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Managing Aggressive Behaviors, is it Possible?

Before talking about how to manage aggressive behaviors let's talk about what behaviors are.

Behavior is one way a child can communicate with others. All behavior, good and bad is how preschoolers communicate and let others know what they need. When the child begins to demonstrate problem behaviors you need to be very proactive and address the problems before the behaviors get out of control.

One of the hardest things to do is figure out why your child is having problem behaviors. The behaviors are a symptom not the answer. Caregivers have to play detective in order to find out what is causing the aggression but most of the time they don't even know what the problems are, all they know is something is wrong in their world.

So what do preschool teachers do to manage these behaviors?
1. The first thing you can do is be sure the child is on a schedule. Not only to make things easier for you but also to manage anxiety he is feeling. Schedules provides the child the security of knowing what is going to happen each day at the same time. He is not going to like it because he is used to being the boss in the house.

2. Behaviors are going to increase drastically when boundaries are set and attempts to control behaviors are in place. He is going to pitch fits, refuse to stay in his bed, throw things, scream and cry. If he gets out of his bed silently put him back in his bed. You do not need to explain it to him. He knows he is not to sleep in the parent's bed anymore.

3. While working on the bedtime routine his behaviors are going to skyrocket. He is going to hit, bite, kick and scream. He is not going to like it but if you do not get him under control before he gets bigger, things are not going to go well for him.

4. There is a reason for his aggressive behaviors. Stay one-step ahead at all times. Have a plan ready so when you are in the middle of a battle you already know what steps you're going to take because you're going to want to throw your hands up and let him just do what he wants. It becomes very overwhelming when you are in the middle of battle.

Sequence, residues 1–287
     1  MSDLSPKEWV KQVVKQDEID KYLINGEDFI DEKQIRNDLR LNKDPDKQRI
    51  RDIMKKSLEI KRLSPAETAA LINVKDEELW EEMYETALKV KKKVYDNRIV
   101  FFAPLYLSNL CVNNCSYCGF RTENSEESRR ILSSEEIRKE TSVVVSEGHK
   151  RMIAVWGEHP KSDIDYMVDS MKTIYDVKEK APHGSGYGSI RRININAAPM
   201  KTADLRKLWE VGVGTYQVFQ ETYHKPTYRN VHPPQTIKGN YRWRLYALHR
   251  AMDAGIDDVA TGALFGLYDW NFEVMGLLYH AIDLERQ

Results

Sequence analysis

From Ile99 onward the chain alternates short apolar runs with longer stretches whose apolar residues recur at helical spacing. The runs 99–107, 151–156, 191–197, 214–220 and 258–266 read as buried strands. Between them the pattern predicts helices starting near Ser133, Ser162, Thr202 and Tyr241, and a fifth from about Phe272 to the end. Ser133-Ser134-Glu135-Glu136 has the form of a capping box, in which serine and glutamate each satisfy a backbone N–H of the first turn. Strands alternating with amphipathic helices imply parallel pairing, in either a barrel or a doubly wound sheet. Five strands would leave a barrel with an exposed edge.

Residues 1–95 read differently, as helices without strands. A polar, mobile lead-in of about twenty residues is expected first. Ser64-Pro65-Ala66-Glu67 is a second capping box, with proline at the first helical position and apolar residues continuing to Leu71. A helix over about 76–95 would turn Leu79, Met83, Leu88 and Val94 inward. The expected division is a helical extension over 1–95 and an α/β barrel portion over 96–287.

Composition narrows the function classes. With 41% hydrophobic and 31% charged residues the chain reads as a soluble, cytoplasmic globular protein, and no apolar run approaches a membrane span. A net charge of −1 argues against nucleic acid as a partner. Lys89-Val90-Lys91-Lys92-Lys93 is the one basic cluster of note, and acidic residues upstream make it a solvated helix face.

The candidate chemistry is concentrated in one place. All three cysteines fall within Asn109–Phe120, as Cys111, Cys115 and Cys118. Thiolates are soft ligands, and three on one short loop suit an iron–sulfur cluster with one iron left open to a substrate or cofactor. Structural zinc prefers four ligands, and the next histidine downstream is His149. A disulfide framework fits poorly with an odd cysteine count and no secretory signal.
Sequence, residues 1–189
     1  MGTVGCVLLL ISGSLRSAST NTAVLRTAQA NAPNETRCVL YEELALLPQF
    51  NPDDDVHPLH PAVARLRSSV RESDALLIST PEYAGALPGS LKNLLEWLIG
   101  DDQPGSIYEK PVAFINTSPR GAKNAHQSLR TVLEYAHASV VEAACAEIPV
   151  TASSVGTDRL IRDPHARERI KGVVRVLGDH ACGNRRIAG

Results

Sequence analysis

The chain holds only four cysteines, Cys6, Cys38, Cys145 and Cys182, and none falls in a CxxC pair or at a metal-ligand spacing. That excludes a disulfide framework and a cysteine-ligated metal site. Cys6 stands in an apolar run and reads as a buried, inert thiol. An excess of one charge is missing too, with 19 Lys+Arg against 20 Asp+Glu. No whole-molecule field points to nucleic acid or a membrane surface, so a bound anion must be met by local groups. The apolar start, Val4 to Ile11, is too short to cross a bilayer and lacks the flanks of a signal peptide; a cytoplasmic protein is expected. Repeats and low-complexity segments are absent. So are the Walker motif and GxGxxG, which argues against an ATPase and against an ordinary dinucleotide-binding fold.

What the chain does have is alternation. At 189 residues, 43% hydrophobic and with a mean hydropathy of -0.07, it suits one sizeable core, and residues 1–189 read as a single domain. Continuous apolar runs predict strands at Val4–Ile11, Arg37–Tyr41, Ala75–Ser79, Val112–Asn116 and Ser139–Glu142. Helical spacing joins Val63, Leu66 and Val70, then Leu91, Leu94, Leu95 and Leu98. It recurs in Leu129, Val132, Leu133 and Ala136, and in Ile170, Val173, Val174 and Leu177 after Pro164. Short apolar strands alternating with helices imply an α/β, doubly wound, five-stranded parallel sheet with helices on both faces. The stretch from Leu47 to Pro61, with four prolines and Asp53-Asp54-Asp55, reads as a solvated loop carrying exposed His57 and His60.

5. Use time-out. I know that it does not look like it is going to work but if you will follow the steps you will see a difference. Here is an example: Your child hits someone on the playground. Teacher goes over to him where he had just thrown sand into one of the little girl's eyes. Scout out a place for time-out everywhere you go. When you get to him, you simply tell him "there is no hitting" take him to the time-out chair and sit him down. You say nothing else. When he trips to get up and run you catch him and tell him, "There is no running from me." Take him back to the chair. This may take a hundred times but be consistent and do not give into him. When his time out is over give him a hug and make him tell the other child he is sorry.

So what do you think his motivation is? He wanted it his way and you started making rules. The normal tactics you have used in the past aren't working so it makes him feel insecure. What he doesn't know is you're going to keep this up. This will work for home and school; you just have to train the staff.

Keep in mind that this is going to be an ongoing way of disciplining him. Most likely he is going to start with problem behaviors and when you do time out again he is going to increase the problem behavior. Teachers and parents need to be prepared that he is going to pitch one giant fit when he realizes everyone is working together and he has to follow the rules. Behaviors aren't going to change overnight but if you will keep doing as I am teaching you it will work. It may take a month or two to see the full impact of changing those problem behaviors. Not to mention as he grows things are going to change and you are going to have to figure out once again what the problems are.

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